UTM stands for “Urchin Tracking Module.” It is a code that you place at the END of your URL. The purpose of the UTM is to track the source from where people clicked on your URL.
If you use it correctly, you can parse your Google Analytics data to start determining which places, creatives, and offers are bringing in the most people. This data will, in turn, shed light on dark traffic and inform your marketing strategy moving forward.
Let’s take a step back.
Below are some questions to help you understand all of the jargon surrounding UTMs. If you have additional questions, please let us know in the comments below.
What is a UTM code?
A UTM code is a string of unique code that you place at the end of your URL to determine the
source of your click. If you have content on Facebook with a Facebook-specific UTM code, you will see in analytics that Facebook drove those specific viewers. If you applied Twitter-specific UTMs on your tweets, any users that click through to your website would appear in your Google Analytics.
Why should I use UTMs?
Adding UTMs enable you to know where your traffic comes from. Over time, you will start to see trends on what is bringing you the most traffic. This will help inform your marketing strategy because you will know which platforms and content deliver the most website traffic.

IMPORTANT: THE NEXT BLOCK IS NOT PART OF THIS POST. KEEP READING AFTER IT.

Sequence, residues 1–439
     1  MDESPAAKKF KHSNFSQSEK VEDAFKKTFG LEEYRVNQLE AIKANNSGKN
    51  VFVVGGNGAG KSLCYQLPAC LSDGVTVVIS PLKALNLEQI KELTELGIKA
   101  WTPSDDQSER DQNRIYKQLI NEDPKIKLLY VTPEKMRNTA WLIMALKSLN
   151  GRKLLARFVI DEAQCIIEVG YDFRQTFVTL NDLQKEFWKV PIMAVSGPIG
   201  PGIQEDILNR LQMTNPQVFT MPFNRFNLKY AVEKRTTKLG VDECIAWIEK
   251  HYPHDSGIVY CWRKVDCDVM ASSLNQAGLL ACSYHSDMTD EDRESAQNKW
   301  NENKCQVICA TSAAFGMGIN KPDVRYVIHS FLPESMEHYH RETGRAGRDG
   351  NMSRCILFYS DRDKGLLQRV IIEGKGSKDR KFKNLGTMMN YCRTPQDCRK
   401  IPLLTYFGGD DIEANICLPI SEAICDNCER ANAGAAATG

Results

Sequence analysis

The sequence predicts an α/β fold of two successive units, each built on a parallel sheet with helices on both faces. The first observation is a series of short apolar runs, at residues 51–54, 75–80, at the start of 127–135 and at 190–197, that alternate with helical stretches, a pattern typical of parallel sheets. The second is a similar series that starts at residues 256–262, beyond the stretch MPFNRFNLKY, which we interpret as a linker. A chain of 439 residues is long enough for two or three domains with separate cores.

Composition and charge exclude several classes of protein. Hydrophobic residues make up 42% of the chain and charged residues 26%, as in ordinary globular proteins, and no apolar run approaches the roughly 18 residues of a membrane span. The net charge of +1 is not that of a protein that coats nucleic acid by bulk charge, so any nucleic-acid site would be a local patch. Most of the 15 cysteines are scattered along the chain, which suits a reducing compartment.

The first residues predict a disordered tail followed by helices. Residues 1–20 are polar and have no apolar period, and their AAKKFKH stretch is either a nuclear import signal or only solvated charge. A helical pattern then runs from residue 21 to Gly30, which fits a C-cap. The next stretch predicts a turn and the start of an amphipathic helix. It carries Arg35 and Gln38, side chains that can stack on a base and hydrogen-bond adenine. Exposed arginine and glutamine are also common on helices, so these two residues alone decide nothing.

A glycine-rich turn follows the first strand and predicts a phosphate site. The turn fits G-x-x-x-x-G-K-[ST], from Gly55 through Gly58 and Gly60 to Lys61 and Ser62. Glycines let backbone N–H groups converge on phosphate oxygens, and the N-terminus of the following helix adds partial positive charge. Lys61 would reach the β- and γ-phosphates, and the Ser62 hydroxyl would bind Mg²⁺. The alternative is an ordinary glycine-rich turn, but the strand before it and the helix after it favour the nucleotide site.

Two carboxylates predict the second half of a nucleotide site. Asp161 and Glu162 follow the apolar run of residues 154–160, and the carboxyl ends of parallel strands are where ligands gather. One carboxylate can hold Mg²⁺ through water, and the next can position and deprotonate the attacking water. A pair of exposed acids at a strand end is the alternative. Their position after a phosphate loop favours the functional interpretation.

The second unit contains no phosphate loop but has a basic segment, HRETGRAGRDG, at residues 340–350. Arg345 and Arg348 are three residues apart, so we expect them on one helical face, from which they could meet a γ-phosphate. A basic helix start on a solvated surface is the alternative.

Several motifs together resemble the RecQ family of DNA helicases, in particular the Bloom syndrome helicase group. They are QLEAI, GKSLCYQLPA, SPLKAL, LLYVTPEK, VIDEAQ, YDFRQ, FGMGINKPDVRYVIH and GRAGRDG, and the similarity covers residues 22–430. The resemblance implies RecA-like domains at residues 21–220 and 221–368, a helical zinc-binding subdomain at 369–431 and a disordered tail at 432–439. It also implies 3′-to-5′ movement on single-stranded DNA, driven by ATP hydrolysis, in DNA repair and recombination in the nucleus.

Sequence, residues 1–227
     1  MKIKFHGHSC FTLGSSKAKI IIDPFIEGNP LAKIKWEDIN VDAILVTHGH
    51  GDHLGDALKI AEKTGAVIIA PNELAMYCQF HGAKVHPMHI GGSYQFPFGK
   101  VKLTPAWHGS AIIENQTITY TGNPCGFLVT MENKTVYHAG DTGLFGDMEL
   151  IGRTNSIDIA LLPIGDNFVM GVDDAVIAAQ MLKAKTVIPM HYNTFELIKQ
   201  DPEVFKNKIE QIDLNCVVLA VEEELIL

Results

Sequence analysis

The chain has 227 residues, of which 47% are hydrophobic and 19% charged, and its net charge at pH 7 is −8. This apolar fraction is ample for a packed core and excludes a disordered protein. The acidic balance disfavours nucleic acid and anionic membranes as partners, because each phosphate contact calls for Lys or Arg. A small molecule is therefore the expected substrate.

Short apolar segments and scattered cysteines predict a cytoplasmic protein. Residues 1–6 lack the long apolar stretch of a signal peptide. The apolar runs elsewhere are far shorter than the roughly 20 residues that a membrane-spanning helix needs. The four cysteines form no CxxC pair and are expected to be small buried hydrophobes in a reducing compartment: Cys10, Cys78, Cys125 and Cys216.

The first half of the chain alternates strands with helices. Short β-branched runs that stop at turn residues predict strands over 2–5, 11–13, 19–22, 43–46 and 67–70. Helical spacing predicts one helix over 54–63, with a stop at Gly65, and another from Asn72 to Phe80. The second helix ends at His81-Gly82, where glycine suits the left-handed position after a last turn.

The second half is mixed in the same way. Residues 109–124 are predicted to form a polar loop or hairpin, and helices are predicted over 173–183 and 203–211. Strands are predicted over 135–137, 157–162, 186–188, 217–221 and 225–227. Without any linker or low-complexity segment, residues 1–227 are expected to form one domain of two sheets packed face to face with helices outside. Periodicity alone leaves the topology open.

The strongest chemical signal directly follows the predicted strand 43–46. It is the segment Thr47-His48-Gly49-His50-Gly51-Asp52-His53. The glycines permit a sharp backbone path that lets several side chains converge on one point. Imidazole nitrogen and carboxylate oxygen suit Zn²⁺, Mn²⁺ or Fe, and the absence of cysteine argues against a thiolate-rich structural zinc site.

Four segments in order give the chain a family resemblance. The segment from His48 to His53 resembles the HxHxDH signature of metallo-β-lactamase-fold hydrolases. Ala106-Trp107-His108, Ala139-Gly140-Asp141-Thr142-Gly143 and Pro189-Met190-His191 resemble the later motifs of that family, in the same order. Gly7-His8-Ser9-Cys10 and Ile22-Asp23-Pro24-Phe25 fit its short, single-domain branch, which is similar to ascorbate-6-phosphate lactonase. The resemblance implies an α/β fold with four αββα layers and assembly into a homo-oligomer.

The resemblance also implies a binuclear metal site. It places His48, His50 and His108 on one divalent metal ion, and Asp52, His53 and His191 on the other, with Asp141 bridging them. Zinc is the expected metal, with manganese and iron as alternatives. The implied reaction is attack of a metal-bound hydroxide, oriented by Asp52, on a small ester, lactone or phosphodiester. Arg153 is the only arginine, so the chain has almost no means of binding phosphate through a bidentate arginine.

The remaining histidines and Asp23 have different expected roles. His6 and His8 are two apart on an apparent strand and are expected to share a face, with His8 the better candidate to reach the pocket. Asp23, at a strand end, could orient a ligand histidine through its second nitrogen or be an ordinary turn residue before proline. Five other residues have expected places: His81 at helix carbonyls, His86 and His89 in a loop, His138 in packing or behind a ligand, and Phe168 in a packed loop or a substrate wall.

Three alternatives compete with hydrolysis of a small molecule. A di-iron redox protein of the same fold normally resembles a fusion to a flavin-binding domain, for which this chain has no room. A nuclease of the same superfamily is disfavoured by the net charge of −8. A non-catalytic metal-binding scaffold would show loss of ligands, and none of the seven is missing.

What can I track with a UTM?
Most marketers set it up to track a source (think Facebook or Google), medium (things like post, CPC, CPM), and campaign name (like “Black Friday 2018”). You can get more granular by adding a term (to note things down like specific keywords or an audience characteristic) and a content (description of the copy, creative or button in your ad) UTM code.
In the end, your UTM code would look something like this: www.kwsmdigital.com?utm_source=facebook&utm_medium=cpc&utm_campaign=Black%20Friday%202018&utm_term=Moms35-45&utm_content=35off
How do I make a UTM?
There are free tools to make UTMs fairly easily. At KWSM: a digital marketing agency we prefer using the Google UTM URL Builder because it also helps shorten the link after you made it. Shortening your link will simply make it look a little cleaner when you are adding it into your marketing collateral. Another good alternative tool is Facebook’s Google Analytics URL builder.
What do I write for my UTM fields?
You can write anything you want for your UTM fields. But we recommend standardizing what you write, so you can eventually make sense of the data. For example, if you decide to go with “utm_source=facebook”, don’t start labeling your UTMS “=fb” or even “=Facebook.” Google Analytics will show this data as separate UTM sources, which will make reviewing the data much more difficult.
How do I see my UTM data?
Login to your Google Analytics account. Click Acquisition > All Traffic > Source/Medium to see your UTM tracked traffic by source and medium. From there you can drop down the Secondary Dimension and add the Key Term or Ad Content fields, to see that UTM information as well.
Reading the UTM data
Once you see all your UTM information, as explained above, you will need to read it. There is no simple way to explain how to read all your UTM data. But if you would like to find out what your data means, you are welcome to contact KWSM: a digital marketing agency to run a report for you.
35% of Site Visits Were Driven by Search in 2017, Compared to 26% From Social Networks
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